Happy New Year to me, I just learned a new vocabulary word:
Multiple Myeloma!!! MM, Multiple Mye-what-loma!!!

January - June 2010

My medical metamorphosis began.
I read, and read, and read and researched and researched MM. I trusted my expert Oncology team, Dr Lee and Nurse Jalee at Kaiser PC, and Dr Spielberger and Dr Kogut at Sunset Kaiser/City of Hope hospital.
I began to formulate a new reality and accept my "New Normal".
My treatment plan was developed to include powerful Dexemthesone steroids paired with Revlimid chemotherapy, with the plan to be hospitalized for an Autologous Stem Cell Transplant July 2010.
I began living "one day at a time" like never before.
Jim was a wreck. Alissa and Scott were stunned; family and friends shocked.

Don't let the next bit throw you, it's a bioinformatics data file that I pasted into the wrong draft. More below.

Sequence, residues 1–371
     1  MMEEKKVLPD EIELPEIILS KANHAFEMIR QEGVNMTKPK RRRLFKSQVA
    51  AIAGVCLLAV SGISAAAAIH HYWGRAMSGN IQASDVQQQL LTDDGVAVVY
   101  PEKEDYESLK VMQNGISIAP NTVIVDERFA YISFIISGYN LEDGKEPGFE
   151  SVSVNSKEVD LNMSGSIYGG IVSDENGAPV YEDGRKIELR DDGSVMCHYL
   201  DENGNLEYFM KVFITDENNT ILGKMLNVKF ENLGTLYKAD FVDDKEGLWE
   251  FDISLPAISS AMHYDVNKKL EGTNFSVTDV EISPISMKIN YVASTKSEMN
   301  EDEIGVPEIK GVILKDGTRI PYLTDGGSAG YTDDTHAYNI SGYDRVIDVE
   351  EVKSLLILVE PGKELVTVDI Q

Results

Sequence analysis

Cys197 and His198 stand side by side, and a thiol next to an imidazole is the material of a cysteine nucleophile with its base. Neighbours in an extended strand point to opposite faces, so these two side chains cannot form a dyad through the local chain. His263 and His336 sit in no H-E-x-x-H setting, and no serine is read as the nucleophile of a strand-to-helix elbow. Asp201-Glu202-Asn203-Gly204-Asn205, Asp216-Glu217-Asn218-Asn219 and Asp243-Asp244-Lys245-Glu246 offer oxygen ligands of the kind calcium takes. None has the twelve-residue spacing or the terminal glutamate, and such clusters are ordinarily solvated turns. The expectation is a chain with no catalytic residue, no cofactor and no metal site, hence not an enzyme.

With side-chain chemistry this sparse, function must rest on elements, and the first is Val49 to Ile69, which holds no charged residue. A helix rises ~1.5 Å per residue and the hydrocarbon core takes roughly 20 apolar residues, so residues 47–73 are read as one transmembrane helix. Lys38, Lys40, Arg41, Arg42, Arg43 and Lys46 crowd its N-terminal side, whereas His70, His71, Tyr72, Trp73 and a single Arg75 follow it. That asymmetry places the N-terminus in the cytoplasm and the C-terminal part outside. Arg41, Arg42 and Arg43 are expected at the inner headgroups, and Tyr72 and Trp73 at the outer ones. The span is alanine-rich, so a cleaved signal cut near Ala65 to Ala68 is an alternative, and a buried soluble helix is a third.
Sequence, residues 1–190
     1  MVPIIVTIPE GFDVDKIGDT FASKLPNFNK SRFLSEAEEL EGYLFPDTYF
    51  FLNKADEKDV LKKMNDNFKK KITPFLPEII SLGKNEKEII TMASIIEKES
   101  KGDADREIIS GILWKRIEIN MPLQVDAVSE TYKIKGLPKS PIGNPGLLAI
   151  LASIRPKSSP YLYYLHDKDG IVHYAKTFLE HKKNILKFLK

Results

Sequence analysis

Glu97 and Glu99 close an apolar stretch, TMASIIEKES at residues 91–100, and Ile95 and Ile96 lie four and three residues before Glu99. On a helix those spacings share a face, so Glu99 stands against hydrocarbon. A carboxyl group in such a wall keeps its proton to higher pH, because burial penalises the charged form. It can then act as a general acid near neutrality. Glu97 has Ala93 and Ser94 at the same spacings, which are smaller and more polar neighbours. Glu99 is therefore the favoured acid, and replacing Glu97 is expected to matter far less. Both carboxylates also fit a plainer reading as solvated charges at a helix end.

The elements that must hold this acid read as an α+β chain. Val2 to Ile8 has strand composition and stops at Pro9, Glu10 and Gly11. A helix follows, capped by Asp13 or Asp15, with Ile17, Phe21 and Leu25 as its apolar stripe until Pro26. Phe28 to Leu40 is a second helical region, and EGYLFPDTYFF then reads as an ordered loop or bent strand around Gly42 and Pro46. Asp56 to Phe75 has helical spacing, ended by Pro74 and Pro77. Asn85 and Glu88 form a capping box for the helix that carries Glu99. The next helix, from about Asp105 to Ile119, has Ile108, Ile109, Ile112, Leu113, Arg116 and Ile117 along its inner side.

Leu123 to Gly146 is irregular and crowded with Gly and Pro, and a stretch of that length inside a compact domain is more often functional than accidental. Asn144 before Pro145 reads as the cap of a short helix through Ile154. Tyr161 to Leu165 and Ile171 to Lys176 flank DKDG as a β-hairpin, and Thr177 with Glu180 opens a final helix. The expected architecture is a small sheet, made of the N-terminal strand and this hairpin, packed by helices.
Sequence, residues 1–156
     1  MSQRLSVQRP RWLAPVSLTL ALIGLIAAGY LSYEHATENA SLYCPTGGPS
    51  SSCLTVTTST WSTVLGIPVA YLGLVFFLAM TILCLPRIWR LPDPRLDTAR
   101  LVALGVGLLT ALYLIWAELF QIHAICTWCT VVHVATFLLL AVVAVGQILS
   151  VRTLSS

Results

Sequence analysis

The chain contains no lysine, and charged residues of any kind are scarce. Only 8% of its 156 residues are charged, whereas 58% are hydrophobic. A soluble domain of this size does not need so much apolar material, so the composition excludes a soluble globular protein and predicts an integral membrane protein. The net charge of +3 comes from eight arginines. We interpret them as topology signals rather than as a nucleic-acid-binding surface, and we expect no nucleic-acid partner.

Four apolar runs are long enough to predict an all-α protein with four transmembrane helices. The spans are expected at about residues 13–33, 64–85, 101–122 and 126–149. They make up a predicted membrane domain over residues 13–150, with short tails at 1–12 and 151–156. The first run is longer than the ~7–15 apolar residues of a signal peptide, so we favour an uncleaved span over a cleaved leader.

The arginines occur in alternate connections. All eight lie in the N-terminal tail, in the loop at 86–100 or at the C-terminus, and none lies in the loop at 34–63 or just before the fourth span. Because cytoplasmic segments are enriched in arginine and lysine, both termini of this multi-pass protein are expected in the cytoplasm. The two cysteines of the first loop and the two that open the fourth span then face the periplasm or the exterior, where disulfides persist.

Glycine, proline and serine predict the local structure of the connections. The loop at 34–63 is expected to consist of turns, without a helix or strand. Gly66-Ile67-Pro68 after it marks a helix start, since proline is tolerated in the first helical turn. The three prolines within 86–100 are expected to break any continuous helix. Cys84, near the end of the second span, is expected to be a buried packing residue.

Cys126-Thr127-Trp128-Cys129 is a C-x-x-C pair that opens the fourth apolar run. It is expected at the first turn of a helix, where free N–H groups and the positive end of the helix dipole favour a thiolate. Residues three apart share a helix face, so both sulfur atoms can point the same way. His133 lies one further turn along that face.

Me... Cowgirl Up! I got back in the saddle and knew I was in for the ride of my life!
I've done remarkably well these past months on my pill-form Chemo, "roid-rage" Steroids and other supportive meds. I am forever deeply grateful and appreciative for all the love and support from everyone in my personal and professional life! I thank all of you for working along with me, and allowing me to continue to lead a semi "normal" life!
YOU have helped save my life!

And now... the trail ride forks to City of Hope hospital as I will saddle up beginning June 9, 2010 for a new rodeo called an Autologous Stem Cell Transplant!
Ye-Ha, let the adventure begin!

Chemical Warfare...

January 2010 - May 2010:

So you've all wondered why I still can lead a semi "normal" life, with more good days than not-so-good-days.
It's because I've been on the following chemo regimen:

Pill form Chemo= Revlimid (.10mg capsules), and I still have (had) hair
Pill form Dexamethasone Steroids (20-40 mg!) paired with Pepcid
Mepron (looks like yellow finger paint!)
B-12- to build those cells!!
.81 Aspirin to prevent Revlimid complications

What the Heck is Multiple Myeloma?!